Simplifying Your Sand Play Saves Strokes

There are two keys to mastering bunker shots. The first is setting realistic goals when practicing. Instead of trying to place it a foot or two from the pin, work on just escaping the bunker and hitting the green every time. After you’ve reached this goal, set a new goal of getting the ball within 10 feet of the pin. Then, set a goal of six feet. Keep setting new goals until you’re able to place the ball within a foot or two of the pin every time.

The second key to mastering bunker shots is perfecting technique. If you’re hitting bunker shots with the wrong technique, you’re not going to improve. In fact, you’ll probably get worse. So make sure you’re technique is sound. If you’re not sure, take some golf lessons or study golf tips from a magazine or a newsletter. Just makes sure your using the right technique. Good sand play can chip a stroke or two from your golf handicap.

Hitting A Typical Sand Shot
The foundation for good technique, as I’ve explained in my golf tips newsletter, is your setup. The standard bunker shot setup is simple. But it’s imperative you do it correctly. If you don’t, your chances of escaping the bunker are slim. Below is the standard bunker setup:

Position the ball toward the front of your stance, near your forward heel. Open the clubface slightly to add loft, depending on the bunker’s depth. And position your feet fairly wide apart using an open stance. Now, flare your front foot slightly, place most of your weight on your front foot, and dig your feet into the sand slightly, increasing stability. Choke down slightly on the club to improve club control.

But what if the ball is above or below your feet? Then, you need to adjust your set up slightly.

If the ball is above your feet, set up with the ball back in your stance and choke down on the club. Make sure you aim well right of the target (left, if your left-handed) because a shot from this type of lie tends to go more left than you expect. The higher the ball is above your feet, the further right you should aim.

If the ball is below your feet, set up with the ball forward in your stance and use the club’s full length. Aim well left of the target (right, if your left-handed) because this lie forces the ball to the right. The lower the ball is below your feet, the more left you should aim. The ball has some left to right spin on it when it comes out, which helps it stop quickly.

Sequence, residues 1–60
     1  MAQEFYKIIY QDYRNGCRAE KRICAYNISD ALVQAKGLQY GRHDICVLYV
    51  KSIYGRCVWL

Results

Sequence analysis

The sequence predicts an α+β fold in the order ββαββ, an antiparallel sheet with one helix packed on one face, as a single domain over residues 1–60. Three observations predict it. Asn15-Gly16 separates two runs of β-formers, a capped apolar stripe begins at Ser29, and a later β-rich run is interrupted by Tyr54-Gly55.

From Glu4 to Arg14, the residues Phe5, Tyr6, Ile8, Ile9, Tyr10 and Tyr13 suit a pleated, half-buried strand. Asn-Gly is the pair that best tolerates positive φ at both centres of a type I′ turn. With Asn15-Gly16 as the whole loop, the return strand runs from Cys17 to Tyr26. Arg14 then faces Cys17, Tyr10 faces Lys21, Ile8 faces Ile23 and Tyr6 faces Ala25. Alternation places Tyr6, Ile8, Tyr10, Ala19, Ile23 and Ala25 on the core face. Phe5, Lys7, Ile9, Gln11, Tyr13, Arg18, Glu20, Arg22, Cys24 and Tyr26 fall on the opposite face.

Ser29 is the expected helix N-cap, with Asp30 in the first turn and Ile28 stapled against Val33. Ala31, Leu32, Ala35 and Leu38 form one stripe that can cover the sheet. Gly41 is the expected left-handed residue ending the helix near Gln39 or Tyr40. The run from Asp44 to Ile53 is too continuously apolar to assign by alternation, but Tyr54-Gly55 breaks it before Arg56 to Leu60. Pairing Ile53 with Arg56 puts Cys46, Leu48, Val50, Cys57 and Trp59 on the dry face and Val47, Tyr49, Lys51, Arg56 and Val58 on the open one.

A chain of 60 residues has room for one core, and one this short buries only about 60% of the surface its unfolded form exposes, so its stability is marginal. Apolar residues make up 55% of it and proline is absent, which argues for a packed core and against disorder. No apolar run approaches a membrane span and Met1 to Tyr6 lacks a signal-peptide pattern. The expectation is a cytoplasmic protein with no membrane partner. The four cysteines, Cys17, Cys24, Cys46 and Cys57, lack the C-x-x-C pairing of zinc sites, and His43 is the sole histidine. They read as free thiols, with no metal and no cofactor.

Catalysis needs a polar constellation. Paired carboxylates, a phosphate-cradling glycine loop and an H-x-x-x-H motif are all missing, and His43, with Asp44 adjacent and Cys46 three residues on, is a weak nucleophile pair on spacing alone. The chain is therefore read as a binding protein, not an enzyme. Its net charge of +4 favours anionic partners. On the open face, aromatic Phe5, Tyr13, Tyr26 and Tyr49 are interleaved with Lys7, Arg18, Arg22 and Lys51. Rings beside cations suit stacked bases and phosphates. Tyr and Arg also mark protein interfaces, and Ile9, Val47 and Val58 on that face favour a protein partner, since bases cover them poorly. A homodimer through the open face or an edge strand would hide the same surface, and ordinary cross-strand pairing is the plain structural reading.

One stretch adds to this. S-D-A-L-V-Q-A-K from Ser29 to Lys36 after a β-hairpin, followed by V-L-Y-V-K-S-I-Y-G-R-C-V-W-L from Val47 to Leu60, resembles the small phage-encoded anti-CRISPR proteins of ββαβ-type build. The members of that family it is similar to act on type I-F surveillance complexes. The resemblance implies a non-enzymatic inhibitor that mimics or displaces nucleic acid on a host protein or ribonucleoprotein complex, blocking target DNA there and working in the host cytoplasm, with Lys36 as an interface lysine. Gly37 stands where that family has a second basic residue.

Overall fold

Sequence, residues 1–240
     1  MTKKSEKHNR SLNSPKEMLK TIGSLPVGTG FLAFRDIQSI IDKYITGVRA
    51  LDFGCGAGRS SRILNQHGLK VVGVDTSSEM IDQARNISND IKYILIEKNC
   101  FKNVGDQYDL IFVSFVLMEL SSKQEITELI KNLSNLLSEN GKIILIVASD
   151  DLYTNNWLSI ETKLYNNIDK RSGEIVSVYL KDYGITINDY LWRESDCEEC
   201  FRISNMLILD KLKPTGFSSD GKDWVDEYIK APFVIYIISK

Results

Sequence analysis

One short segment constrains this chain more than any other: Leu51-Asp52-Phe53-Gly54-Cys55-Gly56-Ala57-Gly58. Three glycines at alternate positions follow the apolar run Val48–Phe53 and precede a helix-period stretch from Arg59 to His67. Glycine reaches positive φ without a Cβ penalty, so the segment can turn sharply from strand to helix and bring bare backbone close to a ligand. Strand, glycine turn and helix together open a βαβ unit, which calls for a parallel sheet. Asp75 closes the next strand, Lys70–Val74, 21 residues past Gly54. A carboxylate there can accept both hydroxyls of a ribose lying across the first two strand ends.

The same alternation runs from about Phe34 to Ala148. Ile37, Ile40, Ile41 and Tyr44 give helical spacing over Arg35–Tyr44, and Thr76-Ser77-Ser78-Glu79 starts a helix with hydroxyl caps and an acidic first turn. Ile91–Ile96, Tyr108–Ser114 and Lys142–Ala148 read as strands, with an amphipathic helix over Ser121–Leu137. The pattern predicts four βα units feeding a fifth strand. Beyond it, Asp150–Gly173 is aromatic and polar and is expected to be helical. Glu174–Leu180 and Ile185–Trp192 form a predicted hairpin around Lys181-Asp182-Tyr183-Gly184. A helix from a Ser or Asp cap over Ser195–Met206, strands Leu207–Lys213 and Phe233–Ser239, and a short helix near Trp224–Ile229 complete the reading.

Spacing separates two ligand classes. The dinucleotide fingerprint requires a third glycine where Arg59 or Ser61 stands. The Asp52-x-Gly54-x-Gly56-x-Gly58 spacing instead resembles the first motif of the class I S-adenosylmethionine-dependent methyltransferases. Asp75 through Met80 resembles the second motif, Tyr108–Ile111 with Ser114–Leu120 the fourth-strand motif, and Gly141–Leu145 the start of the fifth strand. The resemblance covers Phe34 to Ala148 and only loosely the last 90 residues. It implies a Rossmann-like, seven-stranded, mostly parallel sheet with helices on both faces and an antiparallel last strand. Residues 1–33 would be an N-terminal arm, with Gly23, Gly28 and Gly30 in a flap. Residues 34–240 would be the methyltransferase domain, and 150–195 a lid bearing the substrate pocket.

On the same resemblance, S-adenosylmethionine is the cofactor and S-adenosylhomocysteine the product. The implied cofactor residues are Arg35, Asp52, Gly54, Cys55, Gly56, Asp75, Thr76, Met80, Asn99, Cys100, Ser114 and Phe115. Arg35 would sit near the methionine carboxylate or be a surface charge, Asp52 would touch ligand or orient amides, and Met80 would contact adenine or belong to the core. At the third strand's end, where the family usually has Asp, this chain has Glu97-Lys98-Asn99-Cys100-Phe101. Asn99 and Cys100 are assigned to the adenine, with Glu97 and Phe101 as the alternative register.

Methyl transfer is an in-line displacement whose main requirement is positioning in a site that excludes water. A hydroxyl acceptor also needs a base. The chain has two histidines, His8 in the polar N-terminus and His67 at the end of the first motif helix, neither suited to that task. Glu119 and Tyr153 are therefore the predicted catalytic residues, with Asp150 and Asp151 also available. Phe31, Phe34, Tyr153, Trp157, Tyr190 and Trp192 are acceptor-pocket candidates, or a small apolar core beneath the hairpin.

Uphill and Downhill Lies
The standard setup for the bunker shot is ideal when you have a good lie. But what happens if you have a not so good lie? Then you need to make a couple of other critical adjustments:

If you have a downhill lie, set up with the ball in the middle of your stance, with your shoulder angled evenly with the bunker’s slope. Choke down a bit on the club to make up for the ball’s location and the slope’s steepness. Expect the ball to come out lower than normal with plenty of spin. Aim accordingly.

If you have an uphill lie, set up with the ball in the middle of your stance, with the clubface square or even a bit closed. The worse the lie, the more closed the clubface. Swing hard on this shot to make sure the ball gets out of the sand. The ball comes out with little spin and rolls quite a bit when it hits the green. Aim accordingly.

The setups for all other sand shots are based on the standard setup. Setting up correctly is critical to achieving the right technique in sand play. That’s why teaching professional emphasize it so much in their golf instruction sessions. It makes no sense practicing sand shots using the wrong technique.

If you’re not sure about your technique, take some golf lessons. Once you verified your technique, set realistic practice goals and work at achieving them. Also, study golf tips to pick up the little things on improving sand play. Mastering bunker shots will lower your average scores and chip a stroke or two off your golf handicap.

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Author: Jack

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